Plaintiffs also argue that the definition of temporary absence in PEM 210 impermissibly departs from the federal standard for "dependent child" under the Social Security Act and applicable regulations, and is thus invalid under the Supremacy Clause. The AFDC program is a joint federal-state effort administered by the state, subject to federal statute and regulation. Federal participation in state AFDC programs is conditioned upon the state's offering benefits to all persons who are eligible under federal standards; the state must therefore provide benefits to all individuals who meet the federal eligibility standards of "dependent child," and who are "needy" under state standards. Burns v. Alcala, 420 U.S. 575, 578, 95 S.Ct. 1180, 1183, 43 L.Ed.2d 469 (1975); see Curry v. Dempsey, 701 F.2d 580, 582 (6th Cir.1983). The Social Security Act defines "dependent child" as follows:


The term "dependent child" means a needy child (1) who has been deprived of parental support or care by reason of the death, continued absence from the home (other than absence occasioned solely by reason of the performance of active duty in the uniformed services of the United States), or physical or mental incapacity of a parent, and who is living with his father, mother, grandfather, grandmother, brother, sister, stepfather, stepmother, stepbrother, stepsister, uncle, aunt, first cousin, nephew, or niece, in a place of residence maintained by one or more of such relatives as his or their own home, and (2) who is (A) under the age of eighteen, or (B) at the option of the State, under the age of nineteen and a full-time student in a secondary school (or in the equivalent level of vocational or technical training), if, before he attains age nineteen, he may reasonably be expected to complete the program of such secondary school (or such training).


42 U.S.C. Sec. 606(a).


The federal standard for "dependent child" is further refined by regulations promulgated by the Secretary of Health and Human Services, which define the phrase "living with [a specified relative] in a place of residence maintained ... as his ... own home." The regulation states:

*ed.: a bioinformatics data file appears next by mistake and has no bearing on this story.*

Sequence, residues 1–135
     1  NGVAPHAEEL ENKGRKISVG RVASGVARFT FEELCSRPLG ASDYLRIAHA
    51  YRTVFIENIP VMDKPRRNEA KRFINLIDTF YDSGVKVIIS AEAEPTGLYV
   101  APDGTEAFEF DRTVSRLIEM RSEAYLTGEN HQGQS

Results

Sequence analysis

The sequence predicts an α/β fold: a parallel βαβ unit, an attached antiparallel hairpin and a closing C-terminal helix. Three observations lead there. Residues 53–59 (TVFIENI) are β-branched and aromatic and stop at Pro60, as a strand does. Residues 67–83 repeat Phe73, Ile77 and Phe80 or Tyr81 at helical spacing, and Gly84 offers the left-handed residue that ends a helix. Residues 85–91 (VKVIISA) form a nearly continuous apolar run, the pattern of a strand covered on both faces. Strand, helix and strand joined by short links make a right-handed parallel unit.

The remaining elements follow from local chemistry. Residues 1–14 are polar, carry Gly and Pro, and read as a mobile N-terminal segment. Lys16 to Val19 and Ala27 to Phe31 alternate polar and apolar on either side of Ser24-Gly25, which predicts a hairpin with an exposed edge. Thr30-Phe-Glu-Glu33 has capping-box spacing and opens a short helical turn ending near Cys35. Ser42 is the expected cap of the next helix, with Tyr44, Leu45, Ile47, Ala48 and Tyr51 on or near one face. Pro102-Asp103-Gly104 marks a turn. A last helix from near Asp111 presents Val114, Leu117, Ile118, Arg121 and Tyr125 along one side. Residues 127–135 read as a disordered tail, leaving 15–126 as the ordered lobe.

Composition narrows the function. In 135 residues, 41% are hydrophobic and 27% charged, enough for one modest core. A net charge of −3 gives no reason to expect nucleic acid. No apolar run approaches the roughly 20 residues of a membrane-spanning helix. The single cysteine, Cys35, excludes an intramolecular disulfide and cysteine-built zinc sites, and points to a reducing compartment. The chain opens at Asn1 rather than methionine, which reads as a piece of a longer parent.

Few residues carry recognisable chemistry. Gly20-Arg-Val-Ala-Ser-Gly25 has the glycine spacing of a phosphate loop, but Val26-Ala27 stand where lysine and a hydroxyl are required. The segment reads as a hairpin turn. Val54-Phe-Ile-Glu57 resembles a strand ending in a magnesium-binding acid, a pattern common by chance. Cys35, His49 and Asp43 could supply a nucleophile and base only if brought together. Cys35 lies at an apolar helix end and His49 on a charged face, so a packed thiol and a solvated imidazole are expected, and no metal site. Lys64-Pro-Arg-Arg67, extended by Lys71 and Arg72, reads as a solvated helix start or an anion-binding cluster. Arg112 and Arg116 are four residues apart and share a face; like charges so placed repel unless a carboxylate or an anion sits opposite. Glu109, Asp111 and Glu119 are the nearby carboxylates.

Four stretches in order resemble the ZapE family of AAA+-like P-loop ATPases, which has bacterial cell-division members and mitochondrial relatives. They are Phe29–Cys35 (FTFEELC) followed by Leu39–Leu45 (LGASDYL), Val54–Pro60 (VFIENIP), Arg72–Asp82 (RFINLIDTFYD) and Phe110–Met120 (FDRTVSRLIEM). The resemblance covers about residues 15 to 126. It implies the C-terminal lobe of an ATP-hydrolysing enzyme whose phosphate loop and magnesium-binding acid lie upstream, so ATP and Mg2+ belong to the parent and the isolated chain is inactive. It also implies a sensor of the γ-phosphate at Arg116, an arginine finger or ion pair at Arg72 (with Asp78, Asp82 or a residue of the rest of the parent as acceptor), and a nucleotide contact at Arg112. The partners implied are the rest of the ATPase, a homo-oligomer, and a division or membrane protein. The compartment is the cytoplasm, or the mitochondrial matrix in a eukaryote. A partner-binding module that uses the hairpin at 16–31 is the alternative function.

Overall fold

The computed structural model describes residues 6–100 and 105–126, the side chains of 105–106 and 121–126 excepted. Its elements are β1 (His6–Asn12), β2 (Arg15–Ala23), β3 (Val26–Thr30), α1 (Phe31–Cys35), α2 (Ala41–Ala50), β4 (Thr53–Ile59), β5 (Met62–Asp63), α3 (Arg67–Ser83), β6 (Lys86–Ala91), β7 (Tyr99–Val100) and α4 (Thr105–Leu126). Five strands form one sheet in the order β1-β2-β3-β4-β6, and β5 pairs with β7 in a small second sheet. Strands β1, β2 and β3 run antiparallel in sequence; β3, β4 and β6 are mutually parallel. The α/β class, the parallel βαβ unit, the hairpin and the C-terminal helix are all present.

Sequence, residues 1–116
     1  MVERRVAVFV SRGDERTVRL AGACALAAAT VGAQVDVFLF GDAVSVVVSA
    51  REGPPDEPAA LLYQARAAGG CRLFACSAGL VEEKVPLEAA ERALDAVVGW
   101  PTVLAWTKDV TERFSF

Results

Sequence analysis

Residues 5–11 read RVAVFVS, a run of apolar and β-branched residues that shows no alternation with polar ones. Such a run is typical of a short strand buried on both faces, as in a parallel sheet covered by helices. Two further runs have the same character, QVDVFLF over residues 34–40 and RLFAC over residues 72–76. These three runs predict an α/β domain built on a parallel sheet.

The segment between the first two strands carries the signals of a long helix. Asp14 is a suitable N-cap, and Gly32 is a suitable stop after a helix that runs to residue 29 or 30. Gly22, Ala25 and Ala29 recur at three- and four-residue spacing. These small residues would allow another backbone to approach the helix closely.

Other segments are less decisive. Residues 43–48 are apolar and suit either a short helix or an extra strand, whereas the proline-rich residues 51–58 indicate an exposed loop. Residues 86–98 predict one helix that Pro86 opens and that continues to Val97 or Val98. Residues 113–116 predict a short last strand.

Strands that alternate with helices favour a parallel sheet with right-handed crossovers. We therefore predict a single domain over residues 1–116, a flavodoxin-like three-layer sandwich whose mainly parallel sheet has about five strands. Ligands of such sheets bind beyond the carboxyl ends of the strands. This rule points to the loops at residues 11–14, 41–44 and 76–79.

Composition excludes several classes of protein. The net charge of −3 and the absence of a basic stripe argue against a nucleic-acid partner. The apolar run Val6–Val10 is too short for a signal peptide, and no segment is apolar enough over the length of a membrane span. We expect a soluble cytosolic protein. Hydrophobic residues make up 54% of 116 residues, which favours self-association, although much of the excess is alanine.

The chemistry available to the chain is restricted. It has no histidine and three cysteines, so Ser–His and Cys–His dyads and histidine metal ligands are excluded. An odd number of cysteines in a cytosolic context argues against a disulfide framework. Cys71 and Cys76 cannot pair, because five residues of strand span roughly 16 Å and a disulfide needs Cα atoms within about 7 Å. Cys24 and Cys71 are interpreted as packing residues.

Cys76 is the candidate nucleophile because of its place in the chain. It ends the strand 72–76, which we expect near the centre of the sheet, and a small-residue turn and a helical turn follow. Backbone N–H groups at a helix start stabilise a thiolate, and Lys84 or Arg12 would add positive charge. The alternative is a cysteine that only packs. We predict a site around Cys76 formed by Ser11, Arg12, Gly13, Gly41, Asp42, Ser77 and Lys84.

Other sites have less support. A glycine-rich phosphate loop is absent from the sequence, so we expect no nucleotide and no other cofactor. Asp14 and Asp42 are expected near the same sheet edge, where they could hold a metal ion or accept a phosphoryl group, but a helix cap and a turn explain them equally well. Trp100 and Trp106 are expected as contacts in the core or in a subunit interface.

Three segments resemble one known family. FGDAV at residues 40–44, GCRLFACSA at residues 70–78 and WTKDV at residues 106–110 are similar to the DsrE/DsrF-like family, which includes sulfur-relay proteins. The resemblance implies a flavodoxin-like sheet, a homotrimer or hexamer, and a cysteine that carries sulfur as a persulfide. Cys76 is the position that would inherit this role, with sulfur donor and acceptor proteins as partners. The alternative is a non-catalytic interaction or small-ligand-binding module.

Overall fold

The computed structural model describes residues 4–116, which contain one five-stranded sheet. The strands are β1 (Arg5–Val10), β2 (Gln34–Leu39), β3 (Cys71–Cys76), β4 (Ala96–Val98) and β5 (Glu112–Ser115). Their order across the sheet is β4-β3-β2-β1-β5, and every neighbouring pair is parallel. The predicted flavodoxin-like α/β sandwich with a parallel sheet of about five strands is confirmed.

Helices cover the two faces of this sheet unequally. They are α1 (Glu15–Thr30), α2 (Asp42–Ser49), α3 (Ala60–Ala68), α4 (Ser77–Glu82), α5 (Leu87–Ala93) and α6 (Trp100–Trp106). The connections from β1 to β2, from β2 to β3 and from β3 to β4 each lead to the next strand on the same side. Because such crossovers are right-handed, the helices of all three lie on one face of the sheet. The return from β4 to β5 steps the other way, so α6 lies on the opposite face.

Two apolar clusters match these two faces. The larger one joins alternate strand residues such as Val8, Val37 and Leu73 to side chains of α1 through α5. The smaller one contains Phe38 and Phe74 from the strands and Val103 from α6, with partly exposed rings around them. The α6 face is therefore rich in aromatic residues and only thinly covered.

A home is the family setting maintained or in process of being established, as evidenced by assumption and continuation of responsibility for day to day care of the child by the relative with whom the child is living. A home exists so long as the relative exercises responsibility for the care and control of the child, even though either the child or the relative is temporarily absent from the customary family setting. Within this interpretation, the child is considered to be "living with" his relative even though:


(1) he is under the jurisdiction of the court (e.g., receiving probation services or protective supervision); or


(2) legal custody is held by an agency that does not have physical possession of the child.


45 C.F.R. Sec. 233.90(c)(1)(v)(B).


Because of the complexity of an undertaking like the AFDC program, Congress cannot be expected to legislate on every detail of eligibility. Thus, the states are accorded a limited degree of latitude in interpreting federal standards of eligibility and in imposing eligibility conditions upon recipients. MDSS, in administering the AFDC program in Michigan, adopted PEM 210 to define when an absence is to be considered "temporary." Plaintiffs perceive a conflict between the state's definition of "temporary absence" and the federal standard. It is argued that the categorical exclusion of children in mental health facilities and child caring institutions contravenes both the language and purpose of the Act. We disagree.